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Incarcerated Parents Manual:
Credits
Dedication
Introduction
Arrest
Placement
Foster Care & Dependency
Family Reunification
Making a Record
Paternity
De facto Parent
Child Support
Special Immigrant Juvenile Status
Conclusion
Definitions
Samples
Resources
Organizations
 
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Family Reunification
How do I get my child back?

You must prove to the court that you are a good parent. In the eyes of the court, drawing of a mother cradling an infant in her armsthis means that you have completed your reunification requirements and your child is not at risk of harm. Keep in regular contact with your child and do everything possible to meet these requirements.

Take advantage of any classes, groups or programs that your jail or prison offers, such as anger management, N.A., A.A., parenting, creative arts, GED, etc. The court may order reunification for up to 18 months. However, these court-ordered services can be limited to six months if your child was under the age of three years old when s/he entered foster care.

Reunification Services help you to remain in contact with your child through:

  • Collect phone calls;
  • Transportation services; and
  • Visitation services.

When Reunification Services Will Not Be Offered

The court can decide not to offer these services in any of the following situations:

  • The court cannot find you or doesn't know where you are.
  • The court finds that you have a mental disability which prevents you from taking care of your child (two psychiatric evaluations are necessary here).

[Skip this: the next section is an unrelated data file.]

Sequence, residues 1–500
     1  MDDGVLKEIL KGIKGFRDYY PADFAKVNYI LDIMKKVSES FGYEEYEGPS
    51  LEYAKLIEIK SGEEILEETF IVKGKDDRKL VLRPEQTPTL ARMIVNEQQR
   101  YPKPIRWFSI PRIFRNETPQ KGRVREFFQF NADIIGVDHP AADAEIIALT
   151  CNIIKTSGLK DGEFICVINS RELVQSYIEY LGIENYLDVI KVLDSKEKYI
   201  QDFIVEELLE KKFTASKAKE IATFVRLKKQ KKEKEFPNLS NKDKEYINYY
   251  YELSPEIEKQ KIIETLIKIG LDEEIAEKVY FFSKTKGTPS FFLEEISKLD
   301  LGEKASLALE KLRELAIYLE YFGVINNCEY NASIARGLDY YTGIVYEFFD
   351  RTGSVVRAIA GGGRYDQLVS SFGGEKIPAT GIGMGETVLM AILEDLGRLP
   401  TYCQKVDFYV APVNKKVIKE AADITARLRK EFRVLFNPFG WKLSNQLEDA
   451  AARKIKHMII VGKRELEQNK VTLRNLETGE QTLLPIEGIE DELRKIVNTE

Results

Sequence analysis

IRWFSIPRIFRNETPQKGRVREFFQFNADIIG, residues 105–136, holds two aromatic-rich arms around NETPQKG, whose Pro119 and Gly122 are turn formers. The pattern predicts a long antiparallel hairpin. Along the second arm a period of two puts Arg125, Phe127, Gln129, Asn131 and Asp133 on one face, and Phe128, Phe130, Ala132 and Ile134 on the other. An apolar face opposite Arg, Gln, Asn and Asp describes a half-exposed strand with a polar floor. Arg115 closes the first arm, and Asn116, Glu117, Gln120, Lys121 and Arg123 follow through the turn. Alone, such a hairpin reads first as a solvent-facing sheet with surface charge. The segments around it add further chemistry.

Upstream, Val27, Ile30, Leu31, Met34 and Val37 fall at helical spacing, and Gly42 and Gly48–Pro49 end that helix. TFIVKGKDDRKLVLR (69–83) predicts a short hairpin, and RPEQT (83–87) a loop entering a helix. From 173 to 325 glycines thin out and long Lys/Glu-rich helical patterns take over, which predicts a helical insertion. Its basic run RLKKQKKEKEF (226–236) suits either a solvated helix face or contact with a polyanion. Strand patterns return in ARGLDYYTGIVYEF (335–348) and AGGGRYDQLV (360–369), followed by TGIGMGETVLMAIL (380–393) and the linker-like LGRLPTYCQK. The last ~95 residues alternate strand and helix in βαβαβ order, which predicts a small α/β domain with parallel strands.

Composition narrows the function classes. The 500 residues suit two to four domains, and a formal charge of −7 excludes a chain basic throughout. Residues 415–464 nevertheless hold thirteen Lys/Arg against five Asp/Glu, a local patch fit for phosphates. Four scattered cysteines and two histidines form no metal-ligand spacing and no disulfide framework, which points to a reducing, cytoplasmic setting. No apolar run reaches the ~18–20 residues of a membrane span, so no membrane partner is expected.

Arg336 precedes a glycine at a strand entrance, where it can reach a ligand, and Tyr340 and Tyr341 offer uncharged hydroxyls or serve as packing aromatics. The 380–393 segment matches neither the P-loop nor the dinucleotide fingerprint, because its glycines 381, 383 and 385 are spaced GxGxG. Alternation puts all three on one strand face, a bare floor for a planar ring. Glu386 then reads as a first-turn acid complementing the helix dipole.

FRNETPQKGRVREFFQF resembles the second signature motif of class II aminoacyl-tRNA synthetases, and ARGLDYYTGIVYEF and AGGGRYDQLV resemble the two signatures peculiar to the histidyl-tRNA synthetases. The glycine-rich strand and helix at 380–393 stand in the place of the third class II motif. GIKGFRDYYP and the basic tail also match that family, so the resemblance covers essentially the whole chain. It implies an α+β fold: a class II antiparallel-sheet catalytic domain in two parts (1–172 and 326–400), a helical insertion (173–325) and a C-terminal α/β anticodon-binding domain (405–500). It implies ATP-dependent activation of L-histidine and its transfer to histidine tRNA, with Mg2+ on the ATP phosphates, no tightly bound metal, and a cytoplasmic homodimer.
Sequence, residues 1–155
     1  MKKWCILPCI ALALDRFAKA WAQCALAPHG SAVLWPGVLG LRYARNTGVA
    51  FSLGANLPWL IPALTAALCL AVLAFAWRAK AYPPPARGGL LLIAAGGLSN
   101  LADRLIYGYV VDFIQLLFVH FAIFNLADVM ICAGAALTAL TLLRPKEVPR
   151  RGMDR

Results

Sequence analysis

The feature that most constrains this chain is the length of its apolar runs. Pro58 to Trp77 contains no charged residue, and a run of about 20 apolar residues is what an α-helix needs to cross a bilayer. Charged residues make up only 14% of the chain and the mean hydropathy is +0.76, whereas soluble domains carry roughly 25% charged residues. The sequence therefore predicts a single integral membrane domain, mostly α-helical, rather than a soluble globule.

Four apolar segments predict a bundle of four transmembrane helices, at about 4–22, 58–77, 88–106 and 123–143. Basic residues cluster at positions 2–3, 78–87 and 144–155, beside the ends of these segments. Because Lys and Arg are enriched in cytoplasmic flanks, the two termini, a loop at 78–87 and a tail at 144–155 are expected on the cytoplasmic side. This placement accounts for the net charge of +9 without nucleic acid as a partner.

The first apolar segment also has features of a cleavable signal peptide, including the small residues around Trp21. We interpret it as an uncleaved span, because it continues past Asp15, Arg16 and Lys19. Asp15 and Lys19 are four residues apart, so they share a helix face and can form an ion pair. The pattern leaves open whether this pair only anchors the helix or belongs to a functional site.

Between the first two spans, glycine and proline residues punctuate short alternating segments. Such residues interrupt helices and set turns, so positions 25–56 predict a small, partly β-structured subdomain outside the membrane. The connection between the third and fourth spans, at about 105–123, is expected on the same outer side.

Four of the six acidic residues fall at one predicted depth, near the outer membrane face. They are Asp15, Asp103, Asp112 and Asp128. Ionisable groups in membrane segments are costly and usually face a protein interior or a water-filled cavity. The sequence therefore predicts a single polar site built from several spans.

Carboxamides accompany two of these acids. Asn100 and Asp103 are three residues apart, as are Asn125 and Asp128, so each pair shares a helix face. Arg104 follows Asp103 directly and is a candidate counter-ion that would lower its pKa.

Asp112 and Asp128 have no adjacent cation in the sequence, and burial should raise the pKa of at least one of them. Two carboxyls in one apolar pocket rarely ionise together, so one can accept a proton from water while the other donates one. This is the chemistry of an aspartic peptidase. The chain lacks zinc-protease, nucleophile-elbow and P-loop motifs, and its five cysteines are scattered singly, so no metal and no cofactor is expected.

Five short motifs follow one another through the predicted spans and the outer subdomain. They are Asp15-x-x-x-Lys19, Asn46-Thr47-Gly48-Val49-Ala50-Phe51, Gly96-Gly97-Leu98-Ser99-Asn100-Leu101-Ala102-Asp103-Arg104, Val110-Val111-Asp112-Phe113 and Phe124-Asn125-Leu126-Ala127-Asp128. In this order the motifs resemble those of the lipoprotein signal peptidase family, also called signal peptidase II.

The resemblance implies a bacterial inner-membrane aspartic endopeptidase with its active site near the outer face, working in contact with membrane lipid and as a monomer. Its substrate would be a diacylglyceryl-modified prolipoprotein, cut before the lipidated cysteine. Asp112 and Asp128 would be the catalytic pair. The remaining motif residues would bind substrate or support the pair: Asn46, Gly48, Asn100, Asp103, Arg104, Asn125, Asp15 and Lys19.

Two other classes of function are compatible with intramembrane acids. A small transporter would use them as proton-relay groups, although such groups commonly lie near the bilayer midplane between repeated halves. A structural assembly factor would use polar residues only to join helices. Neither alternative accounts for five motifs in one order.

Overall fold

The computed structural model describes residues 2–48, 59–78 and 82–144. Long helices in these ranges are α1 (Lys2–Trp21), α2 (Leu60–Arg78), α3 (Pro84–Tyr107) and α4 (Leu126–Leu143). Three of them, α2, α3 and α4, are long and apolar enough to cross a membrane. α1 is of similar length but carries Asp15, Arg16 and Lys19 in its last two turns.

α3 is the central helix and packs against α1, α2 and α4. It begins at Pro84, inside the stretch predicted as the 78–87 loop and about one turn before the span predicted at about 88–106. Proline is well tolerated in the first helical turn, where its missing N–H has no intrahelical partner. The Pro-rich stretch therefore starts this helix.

• The court has already taken a child away from you due to physical or sexual abuse, returned the child to you and the child or her sibling is again being removed for physical or sexual abuse,
  • The court has found that you caused the death of a child through abuse or neglect.
  • The child is under the age of five and has suffered severe physical abuse by you or someone you know.
  • The court finds that you have severely abused a child, and decides that your child would not benefit from reunification services with you.
  • The court finds that you willfully abandoned your child and that the abandonment placed the child in serious danger.
  • The court terminated reunification services for one of your other children.
  • You have a history of drug or alcohol abuse and have resisted treatment.
  • You have lost custody and your parental rights of another child and you have not dealt to the court's satisfaction with the reasons you lost custody of that child.
  • You have told the court that you do not want reunification services and that you do not want custody of your child.
  • The court finds that you have taken a child from a placement, and have refused to return the child or tell the social worker where the child is;
  • You have been convicted of a violent felony as defined in Penal Code 667.5(c).

Keep in regular contact with your child and do everything possible to meet all reunification requirements.

The court will not offer you reunification services if it finds drawing of a childyour relationship with your child to be detrimental. To find detriment, the court looks at:

  • Your child's age;
  • The strength of your relationship;
  • Your sentence;
  • Your crime;
  • Treatment;
  • The effect on your child if no services are offered;
  • Your child's wishes if s/he is older than ten years old; and